Jude The Obscure: Part 6, Chapter 1 - Summary & Analysis

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Part 6: Chapter I

      Synopsis: Jude and other come to Christminster on the Remembrance day - Jude bent on seeing the processing first - old friends in the crowd recognise him - their harsh remarks about his failure - Jude's excited speech to explain himself - the rains come - in quest of lodging after the procession passes - bitter experience.

      Jude & party at Christminster recognized by old friends. As mentioned in the previous chapter Jude with Sue and the children arrived at Christminster at last. It was Remembrance Day, that is Oxford Commemoration day. At the very station they realised that there was joy and judilation all around. Sue wanted to move on immediately to find a lodging. But Jude was keen on seeing the procession first and so moved along the Chief Street with a big crowd of jubilant people in a holiday mood. Unfortunately to Jude it seemed to be his Humiliation Day as it reminded him of his failure in life and of his abandoned dreams. Soon they reached the open place between a church and college building. The learned Doctors were to pass through the place in procession. Then the rains came, but in spite of the delay Jude would not move without seeing the procession. Meanwhile some one in the crowd wanted to know what was meant by the Latin inscription on the facade of the nearest college. This gave a good chance to Jude and he began to explain them to the great surprise of the crowd there. And then in that crowd there were Jack Stagg, Tinker Taylor, Uncle Joe, all his former colleagues and friends who recognized him easily. They jokingly reminded him of his past. And when Uncle Joe remarked that he had failed as his powers were not enough to achieve his ideas he was much excited and exasperated.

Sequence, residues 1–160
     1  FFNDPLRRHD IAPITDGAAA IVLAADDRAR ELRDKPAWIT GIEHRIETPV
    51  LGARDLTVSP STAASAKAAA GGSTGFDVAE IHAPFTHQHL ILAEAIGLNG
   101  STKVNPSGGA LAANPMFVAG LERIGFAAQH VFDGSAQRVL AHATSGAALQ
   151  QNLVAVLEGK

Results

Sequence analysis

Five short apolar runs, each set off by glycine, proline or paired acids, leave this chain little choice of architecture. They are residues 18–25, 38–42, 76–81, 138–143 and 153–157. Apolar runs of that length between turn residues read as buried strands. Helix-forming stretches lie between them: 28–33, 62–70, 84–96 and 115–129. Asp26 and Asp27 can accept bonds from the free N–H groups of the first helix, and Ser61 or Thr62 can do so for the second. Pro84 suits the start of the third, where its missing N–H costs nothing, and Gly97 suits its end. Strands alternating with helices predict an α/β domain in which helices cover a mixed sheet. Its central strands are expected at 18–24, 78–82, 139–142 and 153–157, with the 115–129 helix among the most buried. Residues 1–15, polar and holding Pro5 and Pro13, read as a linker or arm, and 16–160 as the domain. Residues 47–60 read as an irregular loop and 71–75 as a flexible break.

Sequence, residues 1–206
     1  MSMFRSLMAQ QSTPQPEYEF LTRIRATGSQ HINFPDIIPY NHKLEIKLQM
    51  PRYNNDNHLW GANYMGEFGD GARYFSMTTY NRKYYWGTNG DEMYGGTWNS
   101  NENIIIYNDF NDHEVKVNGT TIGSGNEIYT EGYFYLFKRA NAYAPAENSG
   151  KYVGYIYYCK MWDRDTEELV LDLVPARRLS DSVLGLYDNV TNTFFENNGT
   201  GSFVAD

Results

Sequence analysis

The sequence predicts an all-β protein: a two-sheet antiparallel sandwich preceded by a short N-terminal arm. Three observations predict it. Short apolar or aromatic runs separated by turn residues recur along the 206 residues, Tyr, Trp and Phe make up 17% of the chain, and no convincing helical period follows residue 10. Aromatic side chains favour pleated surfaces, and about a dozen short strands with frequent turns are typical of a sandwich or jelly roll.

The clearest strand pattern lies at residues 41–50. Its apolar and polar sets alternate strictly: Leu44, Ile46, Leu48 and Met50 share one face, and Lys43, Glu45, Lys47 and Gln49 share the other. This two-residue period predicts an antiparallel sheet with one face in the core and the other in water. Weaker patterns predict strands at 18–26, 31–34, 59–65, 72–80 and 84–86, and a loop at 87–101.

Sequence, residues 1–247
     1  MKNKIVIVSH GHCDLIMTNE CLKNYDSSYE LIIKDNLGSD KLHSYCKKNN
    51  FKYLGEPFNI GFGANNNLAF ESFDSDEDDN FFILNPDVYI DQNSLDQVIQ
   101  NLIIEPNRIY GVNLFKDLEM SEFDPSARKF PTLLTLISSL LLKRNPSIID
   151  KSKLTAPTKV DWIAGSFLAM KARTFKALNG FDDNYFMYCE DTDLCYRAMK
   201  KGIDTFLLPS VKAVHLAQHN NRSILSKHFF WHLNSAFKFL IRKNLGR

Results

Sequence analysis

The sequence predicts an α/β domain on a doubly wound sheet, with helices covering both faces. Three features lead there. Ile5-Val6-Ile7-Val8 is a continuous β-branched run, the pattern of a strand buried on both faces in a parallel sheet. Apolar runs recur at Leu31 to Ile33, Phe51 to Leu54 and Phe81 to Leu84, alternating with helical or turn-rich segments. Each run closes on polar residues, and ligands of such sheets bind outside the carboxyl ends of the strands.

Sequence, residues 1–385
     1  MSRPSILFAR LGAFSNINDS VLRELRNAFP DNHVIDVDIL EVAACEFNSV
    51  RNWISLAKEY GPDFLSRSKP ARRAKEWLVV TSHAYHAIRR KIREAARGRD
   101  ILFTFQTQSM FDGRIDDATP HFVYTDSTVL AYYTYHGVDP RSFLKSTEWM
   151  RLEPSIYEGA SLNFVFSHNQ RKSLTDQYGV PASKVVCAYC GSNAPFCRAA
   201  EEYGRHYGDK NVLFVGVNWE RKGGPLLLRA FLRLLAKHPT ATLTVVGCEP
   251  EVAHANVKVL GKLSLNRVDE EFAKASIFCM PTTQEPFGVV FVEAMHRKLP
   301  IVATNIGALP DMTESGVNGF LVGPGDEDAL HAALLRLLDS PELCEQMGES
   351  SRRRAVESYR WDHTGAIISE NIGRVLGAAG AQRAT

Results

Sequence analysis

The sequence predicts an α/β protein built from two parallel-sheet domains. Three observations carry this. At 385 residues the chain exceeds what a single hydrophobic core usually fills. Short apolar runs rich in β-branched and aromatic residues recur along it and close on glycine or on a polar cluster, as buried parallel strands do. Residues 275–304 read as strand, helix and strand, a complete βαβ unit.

Jude addresses the crowd and explains himself. In an excited voice Jude frankly told the people that instead of following the beaten track, he wanted to reshape his course according to his aptness and bent of mind. His attempts should not be judged simply by success or failure. Undoubtedly he failed, but it was not due to his lack of will-power but due to his poverty. And they should really pity him instead of ridiculing him if they knew no much he had suffered in life for his dreams and for his advanced ideas. "I was, perhaps, after all, a paltry victim to the spirit of social and men restlessness, that makes so many unhappy in these days!" He added that when he had come there first he had had a neat stock of fixed opinions and now he was in a chaos of principles. He concluded by saying that he perceived there was something wrong somewhere in their social formulae and it could only be discovered by men and women with greater insight than him. People appreciated him much. Just at that time a Doctor came there in a cab and the driver began to beat and kick the horse for nothing. And Jude pointed out this barbaric act at the gate of the temple of learning as a sort of objective commentary on his own remarks. The rain came on heavily again, but Jude would not leave without having a look at the procession with Heads of Houses and new doctors. It was over soon. Jude asked Sue why she seemed so pale and nervous. Sue told him that she had seen Phillotson in the crowd, but he had not marked them. She admitted that she still felt a curious dread of him.